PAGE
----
Nav: Home

Castor oil-based inhibitors to remove gas hydrate plugs in Arctic deposits

July 08, 2019

Gas hydrate plugs not only obstruct flow but also speed up metal deformation. Resulting accidents are both a financial and an environmental burden. Previously, such plugs were removed mechanically, but today this method is being replaced by inhibitors.

Thermodynamic inhibitors (based mostly on methanol) obstruct the gas hydrate formation reactions, but methanol is quite detrimental to the environment. Kinetic inhibitors create physical obstacles for the gas flow so that gas hydrates form significantly slower; however, they are relatively expensive and not biodegradable.

"In this work, we tried to solve the existing problems by using castor oil," says co-author, project head Mikhail Varfolomeev. "We tested the substance together with the Federal Center for Toxicological Safety, and we found out that the inhibitor can be used both on land and in sea. The reagent slows down hydrate formation and hinders aggregation."

The castor-based waterborne polyurea/urethanes (CWPUUs) were synthesized on the basis of the waterborne technique. The high-pressure autoclave cell and high-pressure micro-differential scanning calorimeter using methane gas were applied to evaluate the inhibition performance of CWPUUs as an inhibitor for methane gas hydrate formation. The results of gas uptake tests confirm that the CWPUUs show high efficiency as kinetic hydrate inhibitors.

The method may lead to creating fully water-soluble materials. Tests show that a hybrid thermodynamic-kinetic technology may be proposed with much higher biodegradability and environmental safety.
-end-


Kazan Federal University

Related Methane Gas Articles:

European satellite data shows extreme methane emissions from Permian oil & gas operations
Study shows twice the average emissions rate of 11 other major US production regions; paper demonstrates potential for space-based data to drive down methane loss rates.
Offshore oil and gas platforms release more methane than previously estimated
Offshore energy-producing platforms in US waters of the Gulf of Mexico are emitting twice as much methane, a greenhouse gas, than previously thought, according to a new study from the University of Michigan.
New 3D view of methane tracks sources
NASA's new 3-dimensional portrait of methane concentrations shows the world's second largest contributor to greenhouse warming.
Computer model solves mystery of how gas bubbles build big methane hydrate deposits
New research from The University of Texas at Austin has explained an important mystery about natural gas hydrate formations and, in doing so, advanced scientists' understanding of how gas hydrates could contribute to climate change and energy security.
Show me the methane
Though not as prevalent in the atmosphere as carbon dioxide, methane is a far more potent greenhouse gas.
Containing methane and its contribution to global warming
Methane is a gas that deserves more attention in the climate debate as it contributes to almost half of human-made global warming in the short-term.
Climate gas budgets highly overestimate methane discharge from Arctic Ocean
There is a huge seasonal variability in methane seeps in the Arctic Ocean, according to a new paper in Nature Geoscience.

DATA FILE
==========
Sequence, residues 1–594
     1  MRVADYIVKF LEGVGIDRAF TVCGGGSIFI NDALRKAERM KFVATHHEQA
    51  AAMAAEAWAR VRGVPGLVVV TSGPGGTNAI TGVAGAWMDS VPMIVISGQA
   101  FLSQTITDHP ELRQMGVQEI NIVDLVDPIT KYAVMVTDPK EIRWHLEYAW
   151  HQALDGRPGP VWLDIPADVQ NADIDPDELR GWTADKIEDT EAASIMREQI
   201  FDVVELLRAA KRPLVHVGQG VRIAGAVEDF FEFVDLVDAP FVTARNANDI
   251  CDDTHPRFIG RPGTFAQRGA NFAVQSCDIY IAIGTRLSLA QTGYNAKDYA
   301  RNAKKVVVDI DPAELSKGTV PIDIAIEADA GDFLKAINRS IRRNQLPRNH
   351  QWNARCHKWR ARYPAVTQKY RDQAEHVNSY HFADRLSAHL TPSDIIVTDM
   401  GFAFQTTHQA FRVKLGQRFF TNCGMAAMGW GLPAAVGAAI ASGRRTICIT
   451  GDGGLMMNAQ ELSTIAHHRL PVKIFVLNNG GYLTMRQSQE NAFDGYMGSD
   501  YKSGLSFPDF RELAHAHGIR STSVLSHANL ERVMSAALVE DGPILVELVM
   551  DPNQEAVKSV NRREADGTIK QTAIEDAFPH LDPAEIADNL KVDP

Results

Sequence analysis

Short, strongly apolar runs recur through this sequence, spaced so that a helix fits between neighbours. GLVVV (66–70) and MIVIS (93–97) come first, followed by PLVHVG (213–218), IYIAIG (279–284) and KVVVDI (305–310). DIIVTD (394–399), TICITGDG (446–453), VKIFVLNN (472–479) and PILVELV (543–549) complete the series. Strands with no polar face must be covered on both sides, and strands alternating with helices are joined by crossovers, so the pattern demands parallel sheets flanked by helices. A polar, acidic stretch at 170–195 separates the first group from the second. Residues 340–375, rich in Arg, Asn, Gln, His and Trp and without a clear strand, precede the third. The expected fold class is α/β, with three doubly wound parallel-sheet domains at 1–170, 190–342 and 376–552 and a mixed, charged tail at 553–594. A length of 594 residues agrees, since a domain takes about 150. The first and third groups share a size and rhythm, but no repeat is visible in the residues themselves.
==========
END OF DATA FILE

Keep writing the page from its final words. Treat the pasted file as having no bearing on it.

Replacing one gas with another helps efficiently extract methane from permafrost
Scientists from Skoltech and Heriot-Watt University proposed extracting methane by injecting flue gas into permafrost hydrate reservoirs.
Effects of natural gas assessed in study of shale gas boom in Appalachian basin
A new study estimated the cumulative effects of the shale gas boom in the Appalachian basin in the early 2000s on air quality, climate change, and employment.
Atmospheric pressure impacts greenhouse gas emissions from leaky oil and gas wells
Fluctuations in atmospheric pressure can heavily influence how much natural gas leaks from wells below the ground surface at oil and gas sites, according to new University of British Columbia research.
More Methane Gas News and Methane Gas Current Events

Trending Science News

Current Coronavirus (COVID-19) News

Top Science Podcasts

We have hand picked the top science podcasts of 2020.
Now Playing: TED Radio Hour

Climate Mindset
In the past few months, human beings have come together to fight a global threat. This hour, TED speakers explore how our response can be the catalyst to fight another global crisis: climate change. Guests include political strategist Tom Rivett-Carnac, diplomat Christiana Figueres, climate justice activist Xiye Bastida, and writer, illustrator, and artist Oliver Jeffers.
Now Playing: Science for the People

#562 Superbug to Bedside
By now we're all good and scared about antibiotic resistance, one of the many things coming to get us all. But there's good news, sort of. News antibiotics are coming out! How do they get tested? What does that kind of a trial look like and how does it happen? Host Bethany Brookeshire talks with Matt McCarthy, author of "Superbugs: The Race to Stop an Epidemic", about the ins and outs of testing a new antibiotic in the hospital.
Now Playing: Radiolab

Speedy Beet
There are few musical moments more well-worn than the first four notes of Beethoven's Fifth Symphony. But in this short, we find out that Beethoven might have made a last-ditch effort to keep his music from ever feeling familiar, to keep pushing his listeners to a kind of psychological limit. Big thanks to our Brooklyn Philharmonic musicians: Deborah Buck and Suzy Perelman on violin, Arash Amini on cello, and Ah Ling Neu on viola. And check out The First Four Notes, Matthew Guerrieri's book on Beethoven's Fifth. Support Radiolab today at Radiolab.org/donate.